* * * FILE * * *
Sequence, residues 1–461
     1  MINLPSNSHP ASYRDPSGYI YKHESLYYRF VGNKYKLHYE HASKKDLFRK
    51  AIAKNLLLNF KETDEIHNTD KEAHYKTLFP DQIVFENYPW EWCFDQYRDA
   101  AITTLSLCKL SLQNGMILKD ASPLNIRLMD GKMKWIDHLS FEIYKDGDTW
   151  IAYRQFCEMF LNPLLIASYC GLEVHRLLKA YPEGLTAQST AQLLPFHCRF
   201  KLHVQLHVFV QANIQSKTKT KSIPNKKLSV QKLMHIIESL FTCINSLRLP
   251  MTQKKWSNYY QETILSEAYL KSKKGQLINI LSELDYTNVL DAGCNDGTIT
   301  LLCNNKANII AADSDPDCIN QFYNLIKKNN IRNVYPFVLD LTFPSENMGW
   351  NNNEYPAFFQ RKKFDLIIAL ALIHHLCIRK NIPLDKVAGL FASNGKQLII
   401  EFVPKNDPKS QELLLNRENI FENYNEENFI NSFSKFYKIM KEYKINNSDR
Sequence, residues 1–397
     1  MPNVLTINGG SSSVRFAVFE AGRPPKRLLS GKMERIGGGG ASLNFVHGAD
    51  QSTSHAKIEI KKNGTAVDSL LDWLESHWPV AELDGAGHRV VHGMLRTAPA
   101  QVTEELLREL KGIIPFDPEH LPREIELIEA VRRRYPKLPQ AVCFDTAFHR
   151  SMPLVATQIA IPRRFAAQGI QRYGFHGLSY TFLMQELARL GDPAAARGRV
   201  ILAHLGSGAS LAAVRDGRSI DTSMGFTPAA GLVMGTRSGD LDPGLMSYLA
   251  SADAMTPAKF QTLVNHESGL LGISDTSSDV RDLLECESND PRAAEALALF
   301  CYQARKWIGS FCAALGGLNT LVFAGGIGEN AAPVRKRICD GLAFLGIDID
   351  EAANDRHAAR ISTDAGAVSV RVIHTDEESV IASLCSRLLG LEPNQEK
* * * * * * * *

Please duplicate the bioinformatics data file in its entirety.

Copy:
Sequence, residues 1–461
     1  MINLPSNSHP ASYRDPSGYI YKHESLYYRF VGNKYKLHYE HASKKDLFRK
    51  AIAKNLLLNF KETDEIHNTD KEAHYKTLFP DQIVFENYPW EWCFDQYRDA
   101  AITTLSLCKL SLQNGMILKD ASPLNIRLMD GKMKWIDHLS FEIYKDGDTW
   151  IAYRQFCEMF LNPLLIASYC GLEVHRLLKA YPEGLTAQST AQLLPFHCRF
   201  KLHVQLHVFV QANIQSKTKT KSIPNKKLSV QKLMHIIESL FTCINSLRLP
   251  MTQKKWSNYY QETILSEAYL KSKKGQLINI LSELDYTNVL DAGCNDGTIT
   301  LLCNNKANII AADSDPDCIN QFYNLIKKNN IRNVYPFVLD LTFPSENMGW
   351  NNNEYPAFFQ RKKFDLIIAL ALIHHLCIRK NIPLDKVAGL FASNGKQLII
   401  EFVPKNDPKS QELLLNRENI FENYNEENFI NSFSKFYKIM KEYKINNSDR
Sequence, residues 1–397
     1  MPNVLTINGG SSSVRFAVFE AGRPPKRLLS GKMERIGGGG ASLNFVHGAD
    51  QSTSHAKIEI KKNGTAVDSL LDWLESHWPV AELDGAGHRV VHGMLRTAPA
   101  QVTEELLREL KGIIPFDPEH LPREIELIEA VRRRYPKLPQ AVCFDTAFHR
   151  SMPLVATQIA IPRRFAAQGI QRYGFHGLSY TFLMQELARL GDPAAARGRV
   201  ILAHLGSGAS LAAVRDGRSI DTSMGFTPAA GLVMGTRSGD LDPGLMSYLA
   251  SADAMTPAKF QTLVNHESGL LGISDTSSDV RDLLECESND PRAAEALALF
   301  CYQARKWIGS FCAALGGLNT LVFAGGIGEN AAPVRKRICD GLAFLGIDID
   351  EAANDRHAAR ISTDAGAVSV RVIHTDEESV IASLCSRLLG LEPNQEK